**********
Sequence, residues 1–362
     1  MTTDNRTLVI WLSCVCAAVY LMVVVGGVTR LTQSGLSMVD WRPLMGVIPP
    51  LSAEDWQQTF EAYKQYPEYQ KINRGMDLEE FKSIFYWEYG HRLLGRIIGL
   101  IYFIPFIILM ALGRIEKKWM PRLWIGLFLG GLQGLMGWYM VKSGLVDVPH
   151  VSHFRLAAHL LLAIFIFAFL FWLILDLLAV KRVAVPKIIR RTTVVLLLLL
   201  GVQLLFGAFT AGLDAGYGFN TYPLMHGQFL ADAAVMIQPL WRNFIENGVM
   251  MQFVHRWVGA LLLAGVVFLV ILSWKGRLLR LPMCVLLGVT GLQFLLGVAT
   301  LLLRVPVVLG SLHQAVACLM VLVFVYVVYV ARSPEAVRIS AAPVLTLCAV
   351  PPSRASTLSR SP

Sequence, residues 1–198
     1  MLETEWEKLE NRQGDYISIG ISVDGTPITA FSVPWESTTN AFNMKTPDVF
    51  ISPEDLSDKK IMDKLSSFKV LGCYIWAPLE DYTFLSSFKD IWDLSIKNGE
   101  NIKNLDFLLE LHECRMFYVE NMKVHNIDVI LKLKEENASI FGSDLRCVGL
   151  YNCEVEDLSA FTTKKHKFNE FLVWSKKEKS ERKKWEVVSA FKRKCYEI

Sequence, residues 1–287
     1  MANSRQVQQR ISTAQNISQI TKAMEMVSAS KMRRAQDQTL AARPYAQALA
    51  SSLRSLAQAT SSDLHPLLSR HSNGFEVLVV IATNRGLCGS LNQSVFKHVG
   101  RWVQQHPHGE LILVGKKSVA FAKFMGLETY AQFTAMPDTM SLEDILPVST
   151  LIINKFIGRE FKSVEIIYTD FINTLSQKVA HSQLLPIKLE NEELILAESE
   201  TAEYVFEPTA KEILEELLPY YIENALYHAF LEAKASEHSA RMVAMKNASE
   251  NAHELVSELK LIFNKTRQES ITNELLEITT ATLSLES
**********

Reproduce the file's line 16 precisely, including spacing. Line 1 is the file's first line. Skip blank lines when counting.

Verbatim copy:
     1  MANSRQVQQR ISTAQNISQI TKAMEMVSAS KMRRAQDQTL AARPYAQALA